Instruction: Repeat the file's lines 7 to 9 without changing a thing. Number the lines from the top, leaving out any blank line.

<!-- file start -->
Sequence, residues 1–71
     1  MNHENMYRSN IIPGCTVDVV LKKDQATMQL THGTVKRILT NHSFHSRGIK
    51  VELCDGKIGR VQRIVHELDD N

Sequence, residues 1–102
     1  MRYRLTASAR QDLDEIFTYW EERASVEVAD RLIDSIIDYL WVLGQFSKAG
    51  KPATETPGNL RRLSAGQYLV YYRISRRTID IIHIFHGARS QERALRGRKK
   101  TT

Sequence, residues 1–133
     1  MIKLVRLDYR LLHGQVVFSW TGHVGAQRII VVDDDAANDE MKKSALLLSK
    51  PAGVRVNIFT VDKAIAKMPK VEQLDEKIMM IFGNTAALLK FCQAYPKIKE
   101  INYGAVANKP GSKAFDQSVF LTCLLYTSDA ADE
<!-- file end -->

   101  TT

Sequence, residues 1–133
     1  MIKLVRLDYR LLHGQVVFSW TGHVGAQRII VVDDDAANDE MKKSALLLSK